If you missed two or more combined pills and there are less than seven pills in your packet you should take the next packet back to back and avoid the pill free week. If you have missed two or more pills, and if there are seven or more pills left in your packet, you should take the seven day break as normal.

Emma adds that “if the missed pills were from the first week of the pack and you have had unprotected sex in the last seven days, you are at risk of getting pregnant and may seek additional emergency contraception.”

What if you were more than three or twelve hours late taking the mini pill? As soon as you realise, you should take a pill. You only need to take one, even if you have missed more than that.  “You should use condoms for the next 48 hours and continue taking the mini pill as normal,” Emma adds. “If you've had sex in this 48 hour time frame and without using barrier contraception then you are at risk of pregnancy and should consider emergency contraception if you do not want to conceive.”

What is emergency contraception?

 
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If you are at risk of an unplanned pregnancy, you may want to use emergency contraception to help protect yourself. There are two different types of emergency contraception: the morning after pill, i.e. ellaOne and levonorgestrel, and the intrauterine device, i.e. the coil or IUD.

ellaOne is the most effective morning after pill * and contains ulipristal acetate which works by delaying ovulation. ellaOne can be taken up to five days after unprotected sex.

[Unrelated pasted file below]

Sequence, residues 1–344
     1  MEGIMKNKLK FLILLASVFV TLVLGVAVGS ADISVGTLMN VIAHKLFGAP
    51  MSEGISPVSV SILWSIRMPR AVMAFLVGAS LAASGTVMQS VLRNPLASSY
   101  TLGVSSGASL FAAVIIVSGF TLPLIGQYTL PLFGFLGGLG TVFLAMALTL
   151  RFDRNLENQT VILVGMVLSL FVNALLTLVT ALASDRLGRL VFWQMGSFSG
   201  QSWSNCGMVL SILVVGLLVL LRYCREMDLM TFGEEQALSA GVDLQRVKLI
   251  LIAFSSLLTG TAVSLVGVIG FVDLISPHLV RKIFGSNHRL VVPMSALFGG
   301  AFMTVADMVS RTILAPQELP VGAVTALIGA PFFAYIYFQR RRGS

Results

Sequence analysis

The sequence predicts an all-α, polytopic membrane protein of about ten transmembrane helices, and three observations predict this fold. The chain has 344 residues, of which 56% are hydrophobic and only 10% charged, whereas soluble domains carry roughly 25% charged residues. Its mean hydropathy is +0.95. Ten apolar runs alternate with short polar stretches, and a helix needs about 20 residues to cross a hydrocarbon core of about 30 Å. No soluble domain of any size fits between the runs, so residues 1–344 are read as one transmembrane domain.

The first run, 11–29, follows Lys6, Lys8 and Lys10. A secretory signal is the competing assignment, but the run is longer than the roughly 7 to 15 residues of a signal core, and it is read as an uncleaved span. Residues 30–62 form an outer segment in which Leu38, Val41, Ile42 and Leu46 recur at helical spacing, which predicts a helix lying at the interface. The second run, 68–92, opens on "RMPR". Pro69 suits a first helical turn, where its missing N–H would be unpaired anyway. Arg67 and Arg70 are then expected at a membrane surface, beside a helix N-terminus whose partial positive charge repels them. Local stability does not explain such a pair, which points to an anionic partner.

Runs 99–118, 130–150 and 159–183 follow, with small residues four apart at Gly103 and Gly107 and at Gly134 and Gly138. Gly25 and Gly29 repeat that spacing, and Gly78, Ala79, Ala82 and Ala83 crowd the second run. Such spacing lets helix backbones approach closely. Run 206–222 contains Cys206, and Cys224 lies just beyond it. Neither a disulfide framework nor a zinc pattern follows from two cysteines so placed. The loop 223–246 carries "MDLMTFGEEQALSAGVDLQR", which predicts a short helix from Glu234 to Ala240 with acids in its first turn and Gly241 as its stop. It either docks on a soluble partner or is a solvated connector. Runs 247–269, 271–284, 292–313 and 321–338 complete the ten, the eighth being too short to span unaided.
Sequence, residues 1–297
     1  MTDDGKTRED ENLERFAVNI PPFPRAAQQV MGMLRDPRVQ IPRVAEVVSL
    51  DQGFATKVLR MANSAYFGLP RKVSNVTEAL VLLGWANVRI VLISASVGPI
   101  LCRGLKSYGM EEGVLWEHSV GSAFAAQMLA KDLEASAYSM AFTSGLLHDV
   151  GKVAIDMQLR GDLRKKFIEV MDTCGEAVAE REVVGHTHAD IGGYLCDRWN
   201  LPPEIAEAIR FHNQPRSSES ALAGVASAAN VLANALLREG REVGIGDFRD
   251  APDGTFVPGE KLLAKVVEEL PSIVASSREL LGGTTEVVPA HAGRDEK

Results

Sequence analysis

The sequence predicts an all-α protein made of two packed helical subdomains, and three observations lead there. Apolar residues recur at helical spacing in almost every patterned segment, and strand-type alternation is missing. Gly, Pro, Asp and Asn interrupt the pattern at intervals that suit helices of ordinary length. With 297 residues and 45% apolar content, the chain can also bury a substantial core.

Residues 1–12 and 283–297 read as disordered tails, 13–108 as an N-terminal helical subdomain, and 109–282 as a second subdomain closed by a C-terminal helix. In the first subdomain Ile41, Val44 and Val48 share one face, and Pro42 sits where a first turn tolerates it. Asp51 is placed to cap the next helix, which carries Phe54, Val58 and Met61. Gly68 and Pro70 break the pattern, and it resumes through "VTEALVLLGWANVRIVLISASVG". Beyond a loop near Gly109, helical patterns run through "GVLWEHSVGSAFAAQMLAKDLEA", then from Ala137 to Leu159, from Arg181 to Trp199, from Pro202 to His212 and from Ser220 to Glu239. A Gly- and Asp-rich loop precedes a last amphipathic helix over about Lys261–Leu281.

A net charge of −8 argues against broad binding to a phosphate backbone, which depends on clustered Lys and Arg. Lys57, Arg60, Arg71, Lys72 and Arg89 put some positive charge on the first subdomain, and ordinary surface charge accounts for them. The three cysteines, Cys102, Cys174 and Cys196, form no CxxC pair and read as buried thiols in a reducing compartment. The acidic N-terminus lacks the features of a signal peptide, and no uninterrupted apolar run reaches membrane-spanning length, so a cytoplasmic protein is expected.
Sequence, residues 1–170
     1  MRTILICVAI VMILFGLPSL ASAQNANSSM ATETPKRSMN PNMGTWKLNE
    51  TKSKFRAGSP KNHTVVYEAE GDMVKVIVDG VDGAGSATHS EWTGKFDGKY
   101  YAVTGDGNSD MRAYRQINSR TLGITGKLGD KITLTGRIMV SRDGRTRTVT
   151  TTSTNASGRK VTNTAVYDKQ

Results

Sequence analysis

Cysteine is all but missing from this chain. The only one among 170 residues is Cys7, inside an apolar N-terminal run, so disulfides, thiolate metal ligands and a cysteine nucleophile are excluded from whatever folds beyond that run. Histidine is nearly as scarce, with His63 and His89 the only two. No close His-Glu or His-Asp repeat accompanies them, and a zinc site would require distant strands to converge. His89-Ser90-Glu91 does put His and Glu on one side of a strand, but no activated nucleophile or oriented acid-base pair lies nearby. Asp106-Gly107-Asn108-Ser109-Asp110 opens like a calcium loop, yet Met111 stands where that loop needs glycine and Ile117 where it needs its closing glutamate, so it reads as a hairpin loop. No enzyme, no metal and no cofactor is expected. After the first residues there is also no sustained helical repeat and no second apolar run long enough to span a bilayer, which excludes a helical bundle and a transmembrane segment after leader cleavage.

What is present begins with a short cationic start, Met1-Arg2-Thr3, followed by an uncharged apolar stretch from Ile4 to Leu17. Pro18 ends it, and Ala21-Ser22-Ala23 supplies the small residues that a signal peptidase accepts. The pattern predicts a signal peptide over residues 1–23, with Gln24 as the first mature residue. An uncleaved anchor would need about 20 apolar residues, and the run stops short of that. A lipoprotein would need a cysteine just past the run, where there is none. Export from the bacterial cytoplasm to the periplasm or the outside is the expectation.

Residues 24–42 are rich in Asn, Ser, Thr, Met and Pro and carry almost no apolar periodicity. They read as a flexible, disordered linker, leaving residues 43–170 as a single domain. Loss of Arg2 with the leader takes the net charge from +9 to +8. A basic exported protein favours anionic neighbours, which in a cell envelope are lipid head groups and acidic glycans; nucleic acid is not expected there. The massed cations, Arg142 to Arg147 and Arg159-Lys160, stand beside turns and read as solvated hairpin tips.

Levonorgestrel is a synthetic version of the hormone progesterone and it works by delaying ovulation. Levonorgestrel is effective for up to three days after unprotected sex.

While neither morning after pill has to be taken in the morning, they are most effective when taken as soon as possible after unprotected intercourse. Both morning after pills are intended for single use only and cannot be used as a regular contraceptive.

The intrauterine device (IUD) is a small, t-shaped device inserted into the womb by a medical professional. It works by releasing copper into the womb which make it more difficult for sperm to reach an egg and survive. It can also prevent a fertilized egg from implanting itself.  The IUD can be fitted up to five days after unprotected sex and can continue to be used as a regular contraceptive.

Emergency contraception is nothing to be ashamed of

If, after reading this, you realise that you are at risk of an unplanned pregnancy and you decide to take emergency contraception, remember that you have nothing to be embarrassed of and no one has a right to judge you for making this decision.  

To find out more about other people’s experiences with the morning after pill, read our #MyMorningAfter stories. If you have taken the morning after pill, and you feel comfortable sharing your experience, share your story below and help us end the unnecessary stigma which still surrounds emergency contraception and female sexuality.

 

ellaOne® 30mg film-coated tablet contains ulipristal acetate and is indicated for emergency contraception within 120 hours (5 days) of unprotected sex or contraceptive failure. Always read the label.


* For verification visit ellaone.co.uk/verify/

Disclaimer: Healthcare professionals included in this article do not endorse any medicinal brands or products.

Listen to the My Morning After podcast, available now to stream and download.

 
 
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Leo Kent